Doctors usually offer ultrasound examinations to people who present with symptoms of endometriosis to look for signs of tissue growth in and around the pelvis.
Endometriosis is an inflammatory condition that occurs when tissue from the uterine lining develops outside of the uterus. Symptoms include pelvic pain, painful periods, and painful intercourse. Current estimates suggest that it could affect more than
This article looks at ultrasound reliability, what happens during a scan, and whether there are more accurate ways of diagnosing endometriosis.
A doctor may offer an ultrasound to a person who presents with symptoms of endometriosis.
An ultrasound uses high-frequency sound waves that bounce off organs and tissues in the pelvis to create a picture of the inside of the body.
A 2016 Cochrane review looked into the accuracy of ultrasound scans in diagnosing endometriosis. The review concluded that doctors may be able to identify certain severe cases of endometriosis via ultrasound, which could eliminate the need for further exploratory tests. However, endometriosis may still be present even if an ultrasound scan does not detect any. In this case, a person may require further tests.
In 2016, a consensus group called International Deep Endometriosis Analysis published a
- examining the uterus, ovaries, and fallopian tubes for growths by transvaginal scan
- looking for “soft markers,” such as ovarian mobility and site-specific tenderness
- applying gentle pressure to specific areas within the pelvis to check movement and mobility
- looking for tissue at the front and back of the pelvis, including the bladder
Authors argue that this rigorous approach would help standardize a diagnostic system and ultimately improve treatment for people with endometriosis.
During an ultrasound scan, an individual lies on their back. The doctor may request that they have an empty or full bladder, depending on the part of the pelvis they intend to check or the method of the ultrasound scan.
This noninvasive method involves pressing on the abdomen using a device called a transducer. The doctor or sonographer applies a cool jelly to the stomach before sliding the transducer over the skin. It may feel cold, and people may feel some pressure, but it should not hurt.
During menstruation, people must remove tampons before a transvaginal scan.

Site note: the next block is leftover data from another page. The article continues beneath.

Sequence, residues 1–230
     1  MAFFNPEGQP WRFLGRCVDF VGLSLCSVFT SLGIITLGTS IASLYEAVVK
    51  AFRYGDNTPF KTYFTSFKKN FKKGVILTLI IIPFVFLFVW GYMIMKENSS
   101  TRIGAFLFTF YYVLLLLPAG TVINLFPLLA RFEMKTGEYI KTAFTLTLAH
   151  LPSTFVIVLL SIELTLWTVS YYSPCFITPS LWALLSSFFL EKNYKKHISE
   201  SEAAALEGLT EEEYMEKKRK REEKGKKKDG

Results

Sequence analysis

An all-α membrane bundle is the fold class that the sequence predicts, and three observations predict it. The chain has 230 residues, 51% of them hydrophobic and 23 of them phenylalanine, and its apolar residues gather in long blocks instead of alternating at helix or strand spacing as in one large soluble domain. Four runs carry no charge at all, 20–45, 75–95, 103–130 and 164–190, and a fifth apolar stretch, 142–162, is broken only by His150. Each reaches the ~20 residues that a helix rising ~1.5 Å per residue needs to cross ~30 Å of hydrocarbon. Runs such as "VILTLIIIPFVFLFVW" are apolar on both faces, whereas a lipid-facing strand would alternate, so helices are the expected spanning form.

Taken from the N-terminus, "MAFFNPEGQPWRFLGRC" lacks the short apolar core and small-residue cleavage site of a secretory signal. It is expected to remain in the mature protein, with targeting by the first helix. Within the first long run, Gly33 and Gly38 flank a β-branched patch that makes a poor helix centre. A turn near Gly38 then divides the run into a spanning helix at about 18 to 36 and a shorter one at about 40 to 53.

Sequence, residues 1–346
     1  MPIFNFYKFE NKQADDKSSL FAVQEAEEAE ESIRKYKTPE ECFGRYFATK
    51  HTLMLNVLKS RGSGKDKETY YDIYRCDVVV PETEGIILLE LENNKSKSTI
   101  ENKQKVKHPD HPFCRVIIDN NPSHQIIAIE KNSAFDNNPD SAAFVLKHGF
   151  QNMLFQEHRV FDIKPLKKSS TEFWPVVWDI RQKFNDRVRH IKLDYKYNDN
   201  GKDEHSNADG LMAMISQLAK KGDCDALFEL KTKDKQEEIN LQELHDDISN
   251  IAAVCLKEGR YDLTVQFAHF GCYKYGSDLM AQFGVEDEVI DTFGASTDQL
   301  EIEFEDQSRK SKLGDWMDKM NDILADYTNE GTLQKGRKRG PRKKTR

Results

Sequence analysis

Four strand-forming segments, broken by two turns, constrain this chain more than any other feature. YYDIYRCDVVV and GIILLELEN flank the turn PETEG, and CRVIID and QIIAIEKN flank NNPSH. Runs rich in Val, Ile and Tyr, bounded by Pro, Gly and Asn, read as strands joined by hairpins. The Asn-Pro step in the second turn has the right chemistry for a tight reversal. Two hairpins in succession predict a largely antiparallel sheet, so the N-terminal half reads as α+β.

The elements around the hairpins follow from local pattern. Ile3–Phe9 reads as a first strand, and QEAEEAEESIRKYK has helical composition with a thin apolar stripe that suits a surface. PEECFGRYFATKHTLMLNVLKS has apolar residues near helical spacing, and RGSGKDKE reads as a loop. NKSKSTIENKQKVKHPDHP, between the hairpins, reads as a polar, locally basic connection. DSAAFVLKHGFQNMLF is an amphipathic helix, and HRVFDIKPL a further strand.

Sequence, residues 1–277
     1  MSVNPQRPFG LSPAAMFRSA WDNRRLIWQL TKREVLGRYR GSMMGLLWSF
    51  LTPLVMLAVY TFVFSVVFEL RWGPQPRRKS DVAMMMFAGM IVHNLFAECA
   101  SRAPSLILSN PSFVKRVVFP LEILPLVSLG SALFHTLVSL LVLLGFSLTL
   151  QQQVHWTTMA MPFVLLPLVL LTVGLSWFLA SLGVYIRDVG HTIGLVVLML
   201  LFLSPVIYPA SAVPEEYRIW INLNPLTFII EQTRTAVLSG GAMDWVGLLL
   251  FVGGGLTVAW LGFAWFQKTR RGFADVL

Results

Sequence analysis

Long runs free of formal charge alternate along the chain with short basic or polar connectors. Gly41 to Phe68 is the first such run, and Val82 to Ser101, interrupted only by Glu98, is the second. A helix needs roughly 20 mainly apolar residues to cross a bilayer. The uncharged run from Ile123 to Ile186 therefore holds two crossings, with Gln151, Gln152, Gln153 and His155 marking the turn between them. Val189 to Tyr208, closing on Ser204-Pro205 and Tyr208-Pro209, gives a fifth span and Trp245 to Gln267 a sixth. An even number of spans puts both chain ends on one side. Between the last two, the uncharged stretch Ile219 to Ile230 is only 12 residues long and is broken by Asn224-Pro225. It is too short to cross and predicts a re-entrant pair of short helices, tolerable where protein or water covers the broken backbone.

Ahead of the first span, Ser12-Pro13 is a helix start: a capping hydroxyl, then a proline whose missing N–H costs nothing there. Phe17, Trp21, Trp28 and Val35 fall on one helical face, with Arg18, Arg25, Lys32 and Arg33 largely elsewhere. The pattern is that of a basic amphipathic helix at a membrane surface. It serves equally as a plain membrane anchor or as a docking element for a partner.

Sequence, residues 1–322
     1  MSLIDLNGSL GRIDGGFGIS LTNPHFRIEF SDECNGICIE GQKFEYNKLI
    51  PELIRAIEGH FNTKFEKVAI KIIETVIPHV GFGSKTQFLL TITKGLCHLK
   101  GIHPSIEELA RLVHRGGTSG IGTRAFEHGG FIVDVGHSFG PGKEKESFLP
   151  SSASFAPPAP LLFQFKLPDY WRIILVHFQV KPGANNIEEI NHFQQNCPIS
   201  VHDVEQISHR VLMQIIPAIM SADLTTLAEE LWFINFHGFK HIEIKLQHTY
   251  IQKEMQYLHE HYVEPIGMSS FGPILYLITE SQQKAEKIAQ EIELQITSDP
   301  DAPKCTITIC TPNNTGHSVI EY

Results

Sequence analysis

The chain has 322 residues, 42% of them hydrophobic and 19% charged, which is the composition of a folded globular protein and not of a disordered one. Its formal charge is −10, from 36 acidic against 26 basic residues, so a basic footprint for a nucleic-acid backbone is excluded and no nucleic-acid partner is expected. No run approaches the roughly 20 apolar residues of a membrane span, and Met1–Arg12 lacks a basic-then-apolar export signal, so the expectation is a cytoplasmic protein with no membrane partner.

The doctor or sonographer inserts a small, finger-width ultrasound probe (transducer) into the vagina. They move the transducer slightly to capture images of the pelvis and look for evidence of endometriosis.
Transvaginal scans should not hurt, but they may feel slightly uncomfortable.
During an ultrasound, a doctor looks for signs that indicate the severity of endometriosis. The American Society of Reproductive Medicine has set out four endometriosis stages:
- Stage 1: Minimal: There are a few isolated and superficial implants of endometrial tissue.
- Stage 2: Mild: There are several implants of endometrial tissue that are slightly more deeply embedded.
- Stage 3: Moderate: There are many deep implants, one or both ovaries have small cysts on them, and there are fibrous bands between tissues and organs called filmy adhesions.
- Stage 4: Severe: There will be many deep implants, one or both ovaries will have large cysts, and many dense adhesions are present.
Yes, someone with endometriosis can have a normal ultrasound. Ultrasound is a valuable tool in diagnosing endometriosis, but it is not entirely accurate.
A 2021 Cochrane review into ultrasound as a diagnostic tool found that endometriosis may still be present even if a doctor finds no evidence during an ultrasound scan.
Apart from ultrasound, there are other ways to detect endometriosis, with varying levels of accuracy and reliability.
An MRI scan creates an image of the inside of the body. A doctor may use this in place of ultrasound to look for endometrial tissue.
Specific biomarkers, such as elevated protein levels, may signify endometriosis. However, tests to measure these biomarkers are not
Keyhole surgery and biopsy
Laparoscopy or keyhole surgery is a
Endometriosis occurs when tissue that usually lines the uterus every month in preparation for a fertilized egg grows outside the uterus instead. Tissue may develop on the outer surface of the uterus, behind the uterus, or elsewhere in the reproductive system, such as in or on the:
Less commonly, tissue may develop in other parts of the pelvic area, such as the vagina, cervix, vulva, or bowels. Rarely, endometrial tissue may grow in other body parts, such as the brain, lungs, eyes, or skin.
Endometriosis is a common health problem for women. The Office on Women’s Health says around
- Pain: An individual may have painful period cramps, chronic back pain, painful bowel movements, and pain during sexual intercourse. They can also experience pain that improves while having a period.
- Bleeding: People may notice much heavier bleeding during or between periods.
- Infertility: Individuals may have problems conceiving.
- Other symptoms: People can experience fatigue, nausea, depression, yeast infections, bloating, and dizziness.
Endometriosis is a common and painful condition that happens when tissue from the uterine lining grows outside of the uterus. More than 1 in 10 women experience the condition.
Ultrasound scans are valuable in diagnosing endometriosis and evaluating the severity of the condition. However, their accuracy may depend on the person performing the scan. Keyhole surgery remains the gold standard for diagnosing endometriosis.